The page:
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October dollar reserves inch up


By Luz Wendy T. Noble, Reporter

The country’s foreign exchange buffers slightly increased as of end-October as the value of the central bank’s gold holdings rose.

Data released by the Bangko Sentral ng Pilipinas (BSP) on Friday showed gross international reserves (GIR) went up by 1.3% to $107.946 billion as of end-October from $106.596 billion as of end-September.

It also jumped 4% from the $103.802 billion a year earlier.

“The month-on-month increase in the GIR level reflected mainly the National Government’s net foreign currency deposits with the BSP and upward adjustment in the value of the BSP’s gold holdings due to the increase in the price of gold in the international market,” the central bank said in a statement.

The end-October GIR level is enough to cover 7.8 times the country’s short-term external debt based on original maturity and 5.4 times based on residual maturity.

It is also equivalent to 10.8 months’ worth of imports of goods and payments of services and primary income.

An ample level of foreign exchange buffers safeguards an economy from market volatility and is an assurance of the country’s capability to pay debts in the event of an economic downturn.

The end-October GIR’s increase may have reflected the proceeds from the government’s retail dollar bonds (RDBs), Rizal Commercial Banking Corp. Chief Economist Michael L. Ricafort said in a Viber message.

The two-week offering of the first-ever RDBs ended on Oct. 1. The government raised $1.593 billion (P80.91 billion) from the bond offering, which was sought to support the country’s widening budget deficit amid the pandemic.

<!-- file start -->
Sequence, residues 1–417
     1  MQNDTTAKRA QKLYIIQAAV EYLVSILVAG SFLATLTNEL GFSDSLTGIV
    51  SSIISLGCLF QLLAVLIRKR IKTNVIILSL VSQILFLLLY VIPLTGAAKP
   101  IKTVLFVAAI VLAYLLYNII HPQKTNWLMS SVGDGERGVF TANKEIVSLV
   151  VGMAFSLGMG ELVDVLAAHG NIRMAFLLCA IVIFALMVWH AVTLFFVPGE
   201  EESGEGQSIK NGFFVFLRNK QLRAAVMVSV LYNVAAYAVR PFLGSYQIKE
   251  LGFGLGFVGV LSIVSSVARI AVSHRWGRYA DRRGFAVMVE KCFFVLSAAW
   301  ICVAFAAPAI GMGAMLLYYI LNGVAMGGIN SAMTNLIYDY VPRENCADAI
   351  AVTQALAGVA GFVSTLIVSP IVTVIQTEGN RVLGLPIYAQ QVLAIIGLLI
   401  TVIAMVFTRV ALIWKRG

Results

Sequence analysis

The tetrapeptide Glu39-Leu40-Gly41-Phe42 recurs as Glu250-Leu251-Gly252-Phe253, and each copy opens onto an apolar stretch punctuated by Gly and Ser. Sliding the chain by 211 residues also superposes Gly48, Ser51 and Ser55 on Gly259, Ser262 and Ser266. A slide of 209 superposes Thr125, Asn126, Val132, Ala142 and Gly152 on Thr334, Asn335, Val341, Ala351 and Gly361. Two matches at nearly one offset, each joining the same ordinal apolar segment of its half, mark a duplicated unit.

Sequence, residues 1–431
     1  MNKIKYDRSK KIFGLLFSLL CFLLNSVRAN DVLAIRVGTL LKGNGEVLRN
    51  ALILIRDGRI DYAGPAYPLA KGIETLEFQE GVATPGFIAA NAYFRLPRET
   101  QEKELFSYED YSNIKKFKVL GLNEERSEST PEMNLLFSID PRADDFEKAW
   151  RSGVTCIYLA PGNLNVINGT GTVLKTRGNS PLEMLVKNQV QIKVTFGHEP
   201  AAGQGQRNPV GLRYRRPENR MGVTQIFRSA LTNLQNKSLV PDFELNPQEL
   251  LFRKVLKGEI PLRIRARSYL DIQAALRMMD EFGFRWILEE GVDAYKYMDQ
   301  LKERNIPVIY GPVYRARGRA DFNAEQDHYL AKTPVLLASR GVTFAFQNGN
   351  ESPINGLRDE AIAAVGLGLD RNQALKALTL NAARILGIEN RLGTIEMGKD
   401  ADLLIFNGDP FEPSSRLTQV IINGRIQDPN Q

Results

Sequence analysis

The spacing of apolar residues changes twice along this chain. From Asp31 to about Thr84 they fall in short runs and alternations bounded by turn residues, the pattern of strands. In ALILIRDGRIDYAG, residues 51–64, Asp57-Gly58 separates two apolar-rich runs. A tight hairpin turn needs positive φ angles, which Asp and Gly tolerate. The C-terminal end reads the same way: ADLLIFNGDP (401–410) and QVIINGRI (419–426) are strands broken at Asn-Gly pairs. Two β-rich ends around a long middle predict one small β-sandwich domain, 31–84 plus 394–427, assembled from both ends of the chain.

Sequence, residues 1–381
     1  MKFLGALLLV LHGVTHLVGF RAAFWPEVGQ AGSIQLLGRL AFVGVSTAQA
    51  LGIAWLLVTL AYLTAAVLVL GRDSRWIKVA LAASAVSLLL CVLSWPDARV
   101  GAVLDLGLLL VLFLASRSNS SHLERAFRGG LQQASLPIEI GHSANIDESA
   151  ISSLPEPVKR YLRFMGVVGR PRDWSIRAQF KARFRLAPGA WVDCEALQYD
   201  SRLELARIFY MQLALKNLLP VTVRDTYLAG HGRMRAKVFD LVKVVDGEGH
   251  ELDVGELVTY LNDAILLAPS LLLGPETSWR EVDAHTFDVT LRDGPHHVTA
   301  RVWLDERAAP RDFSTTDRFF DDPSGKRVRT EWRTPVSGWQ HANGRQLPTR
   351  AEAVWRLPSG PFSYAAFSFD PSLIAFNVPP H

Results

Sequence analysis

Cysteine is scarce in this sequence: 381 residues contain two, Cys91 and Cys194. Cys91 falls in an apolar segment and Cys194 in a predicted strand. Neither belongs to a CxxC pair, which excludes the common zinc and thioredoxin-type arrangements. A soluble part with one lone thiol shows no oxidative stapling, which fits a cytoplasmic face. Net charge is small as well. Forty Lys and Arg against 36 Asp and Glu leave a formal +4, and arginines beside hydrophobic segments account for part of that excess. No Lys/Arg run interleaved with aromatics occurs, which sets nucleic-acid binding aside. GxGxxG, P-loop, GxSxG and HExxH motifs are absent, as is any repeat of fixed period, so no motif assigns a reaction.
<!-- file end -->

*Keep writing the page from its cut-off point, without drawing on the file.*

GIR in the form of foreign investments jumped 1.74% to $91.272 billion as of end-October from $89.704 billion a month earlier and by 4.4% to $87.415 billion a year ago.

The BSP’s gold reserves was valued at $9.13 billion, 3.2% higher than the $8.848 billion as of end-September, but 21% lower than the $11.65 billion as of end-October 2020.

The Philippines’ reserve position in the International Monetary Fund (IMF) also inched up 0.13% to $787.3 million as of end-October from 786.2 million a month ago, but lower by 1.36% than the $798.2 million in the same period last year.

Meanwhile, the country’s special drawing rights — or the amount the country can tap from the IMF – was unchanged at $3.965 billion for the second straight month but more than three times bigger than the $1.206 billion a year earlier.

On the other hand, buffers in the form of foreign currency deposits fell 15% month on month to $2.792 billion from $3.292 billion, although it went up 2.23% from the $2.731 billion as of end-October 2020.

The ample level of GIR will be a safeguard in cases of currency volatility, ING Bank-NV Manila Senior Economist Nicholas Antonio T. Mapa said.

“Concerns about the sharp drawdown of GIR remain but so far the central bank has helped maintain a relatively stable currency as the peso moves along based on its current macroeconomic fundamentals,” he said in an email.

The peso has weakened versus the greenback over the past few months as imports have gradually recovered and with oil prices inching higher. However, the peso is expected to get stronger due to remittance inflows ahead of the holiday season.

At its close of P50.165 per dollar on Thursday, the peso has retreated by 4.46% from its P48.02 finish on Dec. 29, 2020.

Companies’ fund-raising activities as well as seasonal remittance uptick are expected to lift the country’s GIR in the last few months of 2021, Mr. Ricafort said.

The dollar buffers are expected to reach $117 billion by end-2021 before decreasing to $115 billion by end-2022, based on BSP projections.

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